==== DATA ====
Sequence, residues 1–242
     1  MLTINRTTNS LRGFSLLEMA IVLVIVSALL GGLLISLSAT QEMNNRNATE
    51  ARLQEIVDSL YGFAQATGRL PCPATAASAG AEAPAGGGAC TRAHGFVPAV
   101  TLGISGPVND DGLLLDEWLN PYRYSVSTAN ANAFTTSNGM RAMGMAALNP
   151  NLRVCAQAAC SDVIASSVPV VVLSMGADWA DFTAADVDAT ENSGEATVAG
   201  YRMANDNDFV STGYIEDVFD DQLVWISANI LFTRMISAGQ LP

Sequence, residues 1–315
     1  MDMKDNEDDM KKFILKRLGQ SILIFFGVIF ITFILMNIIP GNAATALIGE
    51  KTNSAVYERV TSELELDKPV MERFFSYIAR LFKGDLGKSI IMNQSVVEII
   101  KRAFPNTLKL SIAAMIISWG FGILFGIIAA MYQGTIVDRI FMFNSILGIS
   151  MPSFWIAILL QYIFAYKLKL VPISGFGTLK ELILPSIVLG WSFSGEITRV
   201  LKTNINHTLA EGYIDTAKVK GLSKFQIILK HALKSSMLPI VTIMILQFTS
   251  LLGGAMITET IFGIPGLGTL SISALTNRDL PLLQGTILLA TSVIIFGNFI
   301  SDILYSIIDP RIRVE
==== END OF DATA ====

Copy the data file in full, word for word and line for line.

Sequence, residues 1–242
     1  MLTINRTTNS LRGFSLLEMA IVLVIVSALL GGLLISLSAT QEMNNRNATE
    51  ARLQEIVDSL YGFAQATGRL PCPATAASAG AEAPAGGGAC TRAHGFVPAV
   101  TLGISGPVND DGLLLDEWLN PYRYSVSTAN ANAFTTSNGM RAMGMAALNP
   151  NLRVCAQAAC SDVIASSVPV VVLSMGADWA DFTAADVDAT ENSGEATVAG
   201  YRMANDNDFV STGYIEDVFD DQLVWISANI LFTRMISAGQ LP

Sequence, residues 1–315
     1  MDMKDNEDDM KKFILKRLGQ SILIFFGVIF ITFILMNIIP GNAATALIGE
    51  KTNSAVYERV TSELELDKPV MERFFSYIAR LFKGDLGKSI IMNQSVVEII
   101  KRAFPNTLKL SIAAMIISWG FGILFGIIAA MYQGTIVDRI FMFNSILGIS
   151  MPSFWIAILL QYIFAYKLKL VPISGFGTLK ELILPSIVLG WSFSGEITRV
   201  LKTNINHTLA EGYIDTAKVK GLSKFQIILK HALKSSMLPI VTIMILQFTS
   251  LLGGAMITET IFGIPGLGTL SISALTNRDL PLLQGTILLA TSVIIFGNFI
   301  SDILYSIIDP RIRVE